Like DeSteno, I hear echoes of my Christian tradition in this work. Let me now connect it to the Gospel.

After the fall, after individual and systemic sin entered the world, we faced many forms of bondage: addiction, abuse, poverty, and racism to name but a few. In each, we can learn to be helpless and hopeless or we can have hope in the one who came to set the captives free. The Bible tells us stories of how Jesus found and healed those in helpless situations. He is the source of hope that allows us to pursue control no matter how out of control we might feel. This is the Gospel the church proclaims each and every week: freedom for those buried in depression and learned helplessness.


  • Here is an adaptation from David DeSteno’s book. You can also watch this series of interviews he conducted about how God works.
  • Learn how psychologists discovered and came to understand learned helplessness and its connection to hopelessness.
  • One of the founders of this work, Martin Seligman, says they didn’t get it exactly right 50 years ago. Learn more in this podcast (start at 6:37) or in his book, The Hope Circuit.
  • DeSteno has written extensively on themes like gratitude and compassion that can supplement and support a sermon or lesson.

This Will Preach

Confession time. I get a little annoyed each time a science and faith conversation gets railroaded by the question of origins, climate change, or some other contentious issue. Sure, these are issues that our churches must wrestle with, but by putting all our attention on areas of felt conflict, we might entirely miss the ways science reveals how God works.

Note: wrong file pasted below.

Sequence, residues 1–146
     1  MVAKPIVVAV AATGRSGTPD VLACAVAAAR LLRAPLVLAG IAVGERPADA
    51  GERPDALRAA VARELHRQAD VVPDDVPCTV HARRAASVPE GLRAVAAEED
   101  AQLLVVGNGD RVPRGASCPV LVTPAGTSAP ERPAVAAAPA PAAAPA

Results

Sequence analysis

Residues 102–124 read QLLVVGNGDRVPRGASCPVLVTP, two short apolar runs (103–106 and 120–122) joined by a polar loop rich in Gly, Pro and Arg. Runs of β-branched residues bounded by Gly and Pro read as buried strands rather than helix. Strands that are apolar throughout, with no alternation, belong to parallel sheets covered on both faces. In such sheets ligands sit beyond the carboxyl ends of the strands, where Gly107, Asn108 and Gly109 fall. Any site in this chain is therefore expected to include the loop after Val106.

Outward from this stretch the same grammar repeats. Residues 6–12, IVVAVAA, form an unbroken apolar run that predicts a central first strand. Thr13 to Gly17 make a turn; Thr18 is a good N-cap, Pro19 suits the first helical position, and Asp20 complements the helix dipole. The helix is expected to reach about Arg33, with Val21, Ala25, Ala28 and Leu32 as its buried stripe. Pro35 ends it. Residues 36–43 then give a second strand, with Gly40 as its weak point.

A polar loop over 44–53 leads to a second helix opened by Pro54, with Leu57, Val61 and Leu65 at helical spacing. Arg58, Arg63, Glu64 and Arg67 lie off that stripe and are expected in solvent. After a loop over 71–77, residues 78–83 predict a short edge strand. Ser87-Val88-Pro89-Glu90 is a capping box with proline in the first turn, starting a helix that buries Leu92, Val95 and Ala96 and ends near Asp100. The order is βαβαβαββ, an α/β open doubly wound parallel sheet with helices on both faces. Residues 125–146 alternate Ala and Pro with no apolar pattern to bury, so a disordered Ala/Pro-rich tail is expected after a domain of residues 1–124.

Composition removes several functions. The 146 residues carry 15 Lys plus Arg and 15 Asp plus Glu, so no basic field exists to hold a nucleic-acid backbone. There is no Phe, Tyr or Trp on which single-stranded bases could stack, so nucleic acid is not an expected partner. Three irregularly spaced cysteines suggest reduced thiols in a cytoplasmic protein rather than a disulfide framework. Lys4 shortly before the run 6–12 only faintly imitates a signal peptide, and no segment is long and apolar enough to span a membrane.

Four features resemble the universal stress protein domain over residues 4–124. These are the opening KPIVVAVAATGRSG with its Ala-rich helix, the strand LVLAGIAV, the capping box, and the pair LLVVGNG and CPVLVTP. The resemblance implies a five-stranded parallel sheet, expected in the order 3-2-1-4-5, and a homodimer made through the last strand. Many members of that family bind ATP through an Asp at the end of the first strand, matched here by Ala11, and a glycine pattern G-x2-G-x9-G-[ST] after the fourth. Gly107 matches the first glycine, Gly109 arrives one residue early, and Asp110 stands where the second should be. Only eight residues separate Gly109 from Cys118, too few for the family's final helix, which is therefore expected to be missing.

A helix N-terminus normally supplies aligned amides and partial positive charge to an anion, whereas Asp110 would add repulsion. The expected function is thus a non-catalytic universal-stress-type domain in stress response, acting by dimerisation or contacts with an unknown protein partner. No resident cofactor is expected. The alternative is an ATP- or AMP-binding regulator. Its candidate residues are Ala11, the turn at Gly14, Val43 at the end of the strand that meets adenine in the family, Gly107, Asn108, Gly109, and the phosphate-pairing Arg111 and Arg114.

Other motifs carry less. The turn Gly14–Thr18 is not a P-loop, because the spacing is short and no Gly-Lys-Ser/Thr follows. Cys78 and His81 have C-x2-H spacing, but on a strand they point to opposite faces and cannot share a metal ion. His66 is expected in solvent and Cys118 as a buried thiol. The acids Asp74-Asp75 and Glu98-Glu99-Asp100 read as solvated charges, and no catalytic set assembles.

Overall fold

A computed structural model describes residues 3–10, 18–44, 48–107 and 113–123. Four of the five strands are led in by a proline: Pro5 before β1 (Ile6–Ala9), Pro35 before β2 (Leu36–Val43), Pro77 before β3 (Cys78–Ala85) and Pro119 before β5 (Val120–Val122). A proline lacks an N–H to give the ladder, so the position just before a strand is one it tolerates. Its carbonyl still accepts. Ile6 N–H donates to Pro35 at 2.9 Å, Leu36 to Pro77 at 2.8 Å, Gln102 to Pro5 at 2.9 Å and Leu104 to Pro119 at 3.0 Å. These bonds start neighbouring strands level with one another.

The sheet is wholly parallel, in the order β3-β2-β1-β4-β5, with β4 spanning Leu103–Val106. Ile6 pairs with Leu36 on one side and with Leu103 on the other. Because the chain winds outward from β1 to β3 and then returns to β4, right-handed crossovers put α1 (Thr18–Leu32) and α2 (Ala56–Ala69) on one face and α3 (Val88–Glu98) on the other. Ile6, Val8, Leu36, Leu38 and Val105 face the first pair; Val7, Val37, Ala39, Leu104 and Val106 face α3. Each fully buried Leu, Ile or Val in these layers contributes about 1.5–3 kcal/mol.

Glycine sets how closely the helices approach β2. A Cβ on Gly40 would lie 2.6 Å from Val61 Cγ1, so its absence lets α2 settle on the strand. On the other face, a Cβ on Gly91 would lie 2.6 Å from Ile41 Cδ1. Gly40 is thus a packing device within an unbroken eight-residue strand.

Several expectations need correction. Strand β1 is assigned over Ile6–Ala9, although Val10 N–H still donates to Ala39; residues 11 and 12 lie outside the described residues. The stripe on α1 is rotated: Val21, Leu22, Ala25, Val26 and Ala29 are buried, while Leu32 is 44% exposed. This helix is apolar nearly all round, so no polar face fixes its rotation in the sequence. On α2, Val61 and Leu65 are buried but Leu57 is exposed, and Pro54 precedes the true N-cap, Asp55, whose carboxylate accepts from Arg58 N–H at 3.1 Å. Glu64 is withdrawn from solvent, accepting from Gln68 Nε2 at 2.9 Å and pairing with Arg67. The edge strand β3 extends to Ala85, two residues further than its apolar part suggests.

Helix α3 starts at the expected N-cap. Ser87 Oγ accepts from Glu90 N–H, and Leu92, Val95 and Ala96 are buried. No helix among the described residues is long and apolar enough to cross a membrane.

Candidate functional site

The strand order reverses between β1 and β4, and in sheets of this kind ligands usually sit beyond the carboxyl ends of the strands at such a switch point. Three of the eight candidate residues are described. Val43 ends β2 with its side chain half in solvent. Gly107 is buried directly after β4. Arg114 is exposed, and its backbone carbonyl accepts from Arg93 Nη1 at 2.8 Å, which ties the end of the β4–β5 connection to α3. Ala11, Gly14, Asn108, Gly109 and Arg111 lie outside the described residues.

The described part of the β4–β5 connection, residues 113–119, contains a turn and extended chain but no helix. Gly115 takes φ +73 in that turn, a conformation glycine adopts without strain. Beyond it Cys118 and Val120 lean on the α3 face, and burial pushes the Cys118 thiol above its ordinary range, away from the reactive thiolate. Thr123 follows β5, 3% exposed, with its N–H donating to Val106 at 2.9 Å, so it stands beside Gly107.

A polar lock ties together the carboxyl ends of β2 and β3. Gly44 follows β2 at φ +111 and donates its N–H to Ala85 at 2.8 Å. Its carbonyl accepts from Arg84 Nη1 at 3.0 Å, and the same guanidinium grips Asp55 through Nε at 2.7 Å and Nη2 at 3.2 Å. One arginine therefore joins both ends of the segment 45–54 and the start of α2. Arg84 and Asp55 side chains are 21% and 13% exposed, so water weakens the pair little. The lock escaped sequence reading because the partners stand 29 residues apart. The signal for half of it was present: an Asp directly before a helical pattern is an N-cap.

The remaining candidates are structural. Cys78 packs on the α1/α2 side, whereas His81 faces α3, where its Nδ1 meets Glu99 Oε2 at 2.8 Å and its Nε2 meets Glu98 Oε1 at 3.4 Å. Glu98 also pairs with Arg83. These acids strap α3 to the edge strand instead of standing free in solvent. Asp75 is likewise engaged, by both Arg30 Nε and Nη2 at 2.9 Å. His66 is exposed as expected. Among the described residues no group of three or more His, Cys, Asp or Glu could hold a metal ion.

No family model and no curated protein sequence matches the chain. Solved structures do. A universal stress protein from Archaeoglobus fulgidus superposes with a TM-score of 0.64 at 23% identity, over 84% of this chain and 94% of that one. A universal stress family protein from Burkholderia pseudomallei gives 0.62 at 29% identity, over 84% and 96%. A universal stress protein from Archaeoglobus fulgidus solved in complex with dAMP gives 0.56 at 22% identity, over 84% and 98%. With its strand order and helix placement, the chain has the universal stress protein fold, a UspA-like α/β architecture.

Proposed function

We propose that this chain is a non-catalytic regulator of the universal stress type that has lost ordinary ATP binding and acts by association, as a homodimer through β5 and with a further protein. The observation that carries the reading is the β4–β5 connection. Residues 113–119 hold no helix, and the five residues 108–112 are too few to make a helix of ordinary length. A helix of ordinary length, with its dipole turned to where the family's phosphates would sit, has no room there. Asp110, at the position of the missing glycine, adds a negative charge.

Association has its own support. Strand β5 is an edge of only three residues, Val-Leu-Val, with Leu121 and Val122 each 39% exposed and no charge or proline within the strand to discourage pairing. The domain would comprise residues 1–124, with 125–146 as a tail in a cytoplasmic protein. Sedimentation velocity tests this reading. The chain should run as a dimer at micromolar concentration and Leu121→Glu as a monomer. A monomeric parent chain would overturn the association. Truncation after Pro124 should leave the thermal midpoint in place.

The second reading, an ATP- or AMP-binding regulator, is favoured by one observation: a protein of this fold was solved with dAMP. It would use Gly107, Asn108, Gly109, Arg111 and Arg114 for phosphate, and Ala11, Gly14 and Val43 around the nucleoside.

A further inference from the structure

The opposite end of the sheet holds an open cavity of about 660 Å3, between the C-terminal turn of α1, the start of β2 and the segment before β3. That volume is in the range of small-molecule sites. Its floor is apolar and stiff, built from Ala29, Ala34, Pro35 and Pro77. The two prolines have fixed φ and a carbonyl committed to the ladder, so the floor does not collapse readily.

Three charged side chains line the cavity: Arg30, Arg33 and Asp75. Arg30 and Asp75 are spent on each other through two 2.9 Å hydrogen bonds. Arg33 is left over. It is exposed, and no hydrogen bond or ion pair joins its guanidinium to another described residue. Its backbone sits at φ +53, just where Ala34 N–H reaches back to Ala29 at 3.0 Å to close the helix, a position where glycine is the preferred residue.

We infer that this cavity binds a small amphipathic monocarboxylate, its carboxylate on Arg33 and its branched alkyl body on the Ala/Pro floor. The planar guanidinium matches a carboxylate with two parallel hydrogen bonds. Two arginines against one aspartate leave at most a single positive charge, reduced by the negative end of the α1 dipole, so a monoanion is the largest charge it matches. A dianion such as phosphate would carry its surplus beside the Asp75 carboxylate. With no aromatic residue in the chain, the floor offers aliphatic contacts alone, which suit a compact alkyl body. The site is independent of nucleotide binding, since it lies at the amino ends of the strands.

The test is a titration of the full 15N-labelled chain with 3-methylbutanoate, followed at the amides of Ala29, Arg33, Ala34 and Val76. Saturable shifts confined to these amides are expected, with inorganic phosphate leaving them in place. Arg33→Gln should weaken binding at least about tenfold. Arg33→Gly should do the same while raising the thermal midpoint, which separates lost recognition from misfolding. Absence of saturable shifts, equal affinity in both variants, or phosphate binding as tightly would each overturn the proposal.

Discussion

DeSteno puts it this way: “Science and religion have often been at odds. But if we remove the theology—views about the nature of God, the creation of the universe, and the like—from the day-to-day practice of religious faith, the animosity in the debate evaporates.”

I would argue this with DeSteno: animosity can evaporate without sacrificing theology. It is only certain aspects of science that certain people find to be at odds with Christianity. So much more resonates with our belief in a creator who created a species able to be in loving relationship with their God and their neighbor. It resonates with a God of great beauty and splendor; an awe-some God who has created a vast universe that proclaims the Creator’s handiwork. And some science, like that of learned helplessness or forgiveness, can even tell us how God through Christ has worked out freedom from bondage and offers hope for a world where everyone can flourish and find joy.

I’m talking about the kind of science that will preach; science that reveals how God and Gospel work. It can preach in any church and doesn’t require us to agree on origins or the role of humans in climate change.

At Science for the Church, we don’t want the divisive issues to suck all the air out of the church’s engagement with science. Rather, we want to see the church proclaim from pulpit and pew the ways science is telling us how God works.

Cheers,

Drew